Why Are Some People Still Defending Bill Cosby?

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Now that documents reveal Bill Cosby confessing to buying drugs to give to potential sexual partners — behavior that it would be very difficult to interpret as signifying anything other than intent to assault —some of his stalwart defenders, not to mention legal experts, are finally coming to the inevitable conclusion.

“About Bill Cosby. Sadly his own testimony offers PROOF of terrible deeds, which is ALL I have ever required to believe the accusations,” tweeted musician and actress Jill Scott, who had previously resisted accusing the man she called a mentor. “I stood by a man I respected and loved. I was wrong. It HURTS!!! When you get it ALL right, holla.”

Raven Symone is another Cosby defender and former colleague who has admitted that the situation has been changed by the admission, although she’s fallen short of saying she was wrong to support her onetime TV dad. “He gave me my first job. But at the same time, you need the proof, and then I’ll be able to give my judgment here or there. And now there’s real facts,” she said on The View today. Whoopi Goldberg, on the other hand, remained stalwart in refusing to change her mind in the same episode. “This is my opinion and in America, still — I know it’s a shock — but you actually were innocent until proven guilty; he has not been proven a rapist,” she said.

As other writers have been quick to point out, these are just a few high-profile examples of a trend that is present everywhere. It has been alarming to see these celebrities — and many, many others — flat-out deny the words of dozens of accusers, most of whom had no monetary or career-based reason to come forward. For Scott and perhaps Symone, this “see no evil” stance in the face of over 25 individual stories required a smaller leap than it did for them to deny one simple “yes” under oath in a deposition. And for Goldberg, even the deposition hasn’t been enough. This reality is undoubtedly depressing. Because believing these women rather than forgetting them would not have required a great stretch of the imagination — most of the cases ranged far beyond “he said, she said” stories of sex, after all, and again, there were so many accusers, with so much to lose and so little to gain.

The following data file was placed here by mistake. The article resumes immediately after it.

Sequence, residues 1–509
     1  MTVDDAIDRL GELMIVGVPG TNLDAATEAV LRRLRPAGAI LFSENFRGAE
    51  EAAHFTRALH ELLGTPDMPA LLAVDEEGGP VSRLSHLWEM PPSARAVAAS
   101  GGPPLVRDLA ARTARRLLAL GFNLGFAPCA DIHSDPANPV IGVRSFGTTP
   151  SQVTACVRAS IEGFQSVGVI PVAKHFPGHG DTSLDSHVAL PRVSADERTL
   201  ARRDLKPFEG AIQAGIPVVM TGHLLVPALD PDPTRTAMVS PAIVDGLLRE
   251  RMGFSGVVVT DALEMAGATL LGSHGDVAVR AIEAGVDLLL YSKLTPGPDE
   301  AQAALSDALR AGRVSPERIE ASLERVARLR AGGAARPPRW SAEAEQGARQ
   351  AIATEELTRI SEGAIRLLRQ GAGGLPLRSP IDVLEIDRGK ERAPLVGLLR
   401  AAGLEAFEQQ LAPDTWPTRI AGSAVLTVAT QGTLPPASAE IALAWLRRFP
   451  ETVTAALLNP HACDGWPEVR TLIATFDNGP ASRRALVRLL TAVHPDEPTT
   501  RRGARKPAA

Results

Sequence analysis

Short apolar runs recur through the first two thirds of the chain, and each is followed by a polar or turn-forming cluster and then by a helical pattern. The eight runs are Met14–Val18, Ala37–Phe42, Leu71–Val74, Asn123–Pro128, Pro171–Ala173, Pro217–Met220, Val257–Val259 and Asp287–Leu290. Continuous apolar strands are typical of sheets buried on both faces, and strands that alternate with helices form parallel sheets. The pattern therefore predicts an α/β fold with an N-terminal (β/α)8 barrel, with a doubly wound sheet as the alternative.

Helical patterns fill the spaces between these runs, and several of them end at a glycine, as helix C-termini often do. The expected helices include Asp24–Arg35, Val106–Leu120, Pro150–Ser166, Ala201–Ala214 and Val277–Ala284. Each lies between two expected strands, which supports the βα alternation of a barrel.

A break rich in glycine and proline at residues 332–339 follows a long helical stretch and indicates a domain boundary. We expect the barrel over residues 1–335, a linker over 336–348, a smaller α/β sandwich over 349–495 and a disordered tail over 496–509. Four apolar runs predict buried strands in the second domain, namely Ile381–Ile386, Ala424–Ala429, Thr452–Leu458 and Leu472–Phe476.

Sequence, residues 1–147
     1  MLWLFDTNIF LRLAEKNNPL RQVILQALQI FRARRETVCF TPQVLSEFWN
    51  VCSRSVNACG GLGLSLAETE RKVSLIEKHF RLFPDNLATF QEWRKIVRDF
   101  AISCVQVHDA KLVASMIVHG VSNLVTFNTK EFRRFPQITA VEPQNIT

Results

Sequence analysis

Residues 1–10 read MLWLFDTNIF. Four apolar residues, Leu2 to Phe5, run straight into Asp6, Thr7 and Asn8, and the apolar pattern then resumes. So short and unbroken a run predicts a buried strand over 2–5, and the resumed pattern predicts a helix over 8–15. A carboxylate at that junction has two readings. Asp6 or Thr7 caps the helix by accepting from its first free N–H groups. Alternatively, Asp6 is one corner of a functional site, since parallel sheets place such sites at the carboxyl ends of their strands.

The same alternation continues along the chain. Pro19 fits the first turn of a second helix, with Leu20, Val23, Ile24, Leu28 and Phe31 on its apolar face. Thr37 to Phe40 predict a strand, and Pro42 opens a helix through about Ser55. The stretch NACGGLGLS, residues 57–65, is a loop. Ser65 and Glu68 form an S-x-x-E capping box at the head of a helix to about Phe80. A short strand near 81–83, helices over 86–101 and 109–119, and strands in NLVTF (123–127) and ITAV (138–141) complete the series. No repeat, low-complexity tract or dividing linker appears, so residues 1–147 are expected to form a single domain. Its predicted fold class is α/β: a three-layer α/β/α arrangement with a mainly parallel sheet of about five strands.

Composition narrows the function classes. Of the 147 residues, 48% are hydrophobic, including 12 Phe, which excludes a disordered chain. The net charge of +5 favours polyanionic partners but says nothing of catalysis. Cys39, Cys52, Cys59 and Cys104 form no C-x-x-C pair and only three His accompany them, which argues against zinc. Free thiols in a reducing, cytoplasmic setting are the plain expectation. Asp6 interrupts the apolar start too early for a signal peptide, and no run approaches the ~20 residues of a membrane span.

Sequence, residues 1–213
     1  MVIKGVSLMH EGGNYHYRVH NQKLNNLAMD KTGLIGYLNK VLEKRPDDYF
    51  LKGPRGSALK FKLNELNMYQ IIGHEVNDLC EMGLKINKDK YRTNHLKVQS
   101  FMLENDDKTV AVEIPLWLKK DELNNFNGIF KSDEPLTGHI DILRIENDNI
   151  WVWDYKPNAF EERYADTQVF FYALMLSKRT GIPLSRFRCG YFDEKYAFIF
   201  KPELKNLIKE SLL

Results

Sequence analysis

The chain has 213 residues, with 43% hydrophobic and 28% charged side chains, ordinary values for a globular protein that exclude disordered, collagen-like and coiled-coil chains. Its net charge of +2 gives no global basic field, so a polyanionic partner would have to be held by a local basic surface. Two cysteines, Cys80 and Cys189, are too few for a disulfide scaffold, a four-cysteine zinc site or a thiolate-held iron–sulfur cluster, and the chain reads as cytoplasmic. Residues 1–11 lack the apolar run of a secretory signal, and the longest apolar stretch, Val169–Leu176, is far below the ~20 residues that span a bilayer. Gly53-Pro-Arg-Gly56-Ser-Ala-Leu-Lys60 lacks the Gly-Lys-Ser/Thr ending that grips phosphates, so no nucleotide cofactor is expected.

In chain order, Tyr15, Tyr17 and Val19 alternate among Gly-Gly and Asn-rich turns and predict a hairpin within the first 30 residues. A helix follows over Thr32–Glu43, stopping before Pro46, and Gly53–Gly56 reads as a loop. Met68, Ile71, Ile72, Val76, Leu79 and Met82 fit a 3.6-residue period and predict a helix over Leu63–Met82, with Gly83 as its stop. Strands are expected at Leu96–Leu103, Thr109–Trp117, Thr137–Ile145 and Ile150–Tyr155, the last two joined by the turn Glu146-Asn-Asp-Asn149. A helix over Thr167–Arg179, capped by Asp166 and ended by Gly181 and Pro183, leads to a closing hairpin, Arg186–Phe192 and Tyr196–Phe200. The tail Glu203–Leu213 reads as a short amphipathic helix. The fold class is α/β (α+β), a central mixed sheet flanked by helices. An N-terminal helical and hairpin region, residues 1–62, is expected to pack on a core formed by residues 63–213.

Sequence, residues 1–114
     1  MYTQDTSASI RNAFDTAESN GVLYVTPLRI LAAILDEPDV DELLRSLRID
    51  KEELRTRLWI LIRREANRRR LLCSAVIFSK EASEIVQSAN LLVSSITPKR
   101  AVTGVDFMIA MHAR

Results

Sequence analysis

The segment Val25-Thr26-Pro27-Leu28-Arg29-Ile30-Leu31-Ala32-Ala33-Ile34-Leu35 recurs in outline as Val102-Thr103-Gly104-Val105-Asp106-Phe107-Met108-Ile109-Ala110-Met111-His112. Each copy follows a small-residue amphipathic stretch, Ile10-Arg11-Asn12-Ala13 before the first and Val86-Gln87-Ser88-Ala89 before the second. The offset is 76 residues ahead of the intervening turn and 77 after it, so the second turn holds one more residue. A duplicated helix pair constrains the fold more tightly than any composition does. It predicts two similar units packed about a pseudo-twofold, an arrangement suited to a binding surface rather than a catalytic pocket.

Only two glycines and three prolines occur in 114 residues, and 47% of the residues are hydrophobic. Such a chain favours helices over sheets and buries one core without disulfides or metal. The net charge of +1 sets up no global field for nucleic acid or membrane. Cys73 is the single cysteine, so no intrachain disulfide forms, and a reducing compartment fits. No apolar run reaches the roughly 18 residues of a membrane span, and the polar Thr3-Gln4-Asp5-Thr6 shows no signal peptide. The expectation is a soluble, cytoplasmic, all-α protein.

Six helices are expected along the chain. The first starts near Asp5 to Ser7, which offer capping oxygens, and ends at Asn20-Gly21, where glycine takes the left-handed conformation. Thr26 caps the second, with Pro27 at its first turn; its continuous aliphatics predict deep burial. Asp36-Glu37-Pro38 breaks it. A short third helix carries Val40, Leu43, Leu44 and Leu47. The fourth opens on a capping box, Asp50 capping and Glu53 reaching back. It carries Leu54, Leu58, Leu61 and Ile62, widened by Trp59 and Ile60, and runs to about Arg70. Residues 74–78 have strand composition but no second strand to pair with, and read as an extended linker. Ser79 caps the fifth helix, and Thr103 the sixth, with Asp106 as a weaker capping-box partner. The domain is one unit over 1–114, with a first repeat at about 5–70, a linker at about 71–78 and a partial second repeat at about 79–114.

And yet because of rape culture and celebrity culture, the simple act of trusting women remained too difficult for too many. This is our reality. “Even after a few women stepped forward to bring Cosby’s actions to light, it took two men to raise concern and then verify the stories of nearly 40 female accusers,” Jamilah King wrote today. “The first was comedian Hannibal Buress, whose November stand-up set about the accusations against Cosby went viral. The second was Cosby himself, whose lawyers fought bitterly for months to keep the decade-old deposition from going public.”

Encouragingly, the evidence continues to mount, yet only rarely in these kinds of cases will there be a sworn deposition and news outlets with the resources and determination to read it — which means that widespread denial in the face of victims’ testimony could persist. “This deep unwillingness to listen to women and tendency to take a man’s word over a woman’s even in the face of overwhelming evidence to the contrary is a chronic problem when it comes to sexual violence, even when we’re not talking about famous men like Bill Cosby,” Amanda Marcotte writes. On the other hand, as Marcotte also notes, it might be a good turn of events that this kind of strong evidence was unearthed, and that the dozens of accusers were enough to convince journalists to dig deeper.

Futhermore, in his deposition, Cosby admitted only to drug use, not to nonconsensual sex (which explains why so many of the headlines hedge around the word rape). Yet the widespread public outcry shows that most people now overwhelmingly believe sexual contact with an incapacitated person is assault. This is a change. And it also demonstrates, to use a crude analogy, that where there’s smoke, there’s very often fire — and high-profile cases can likely reveal true misdeeds, rather than the trumped-up hoaxes that haunt the popular imagination.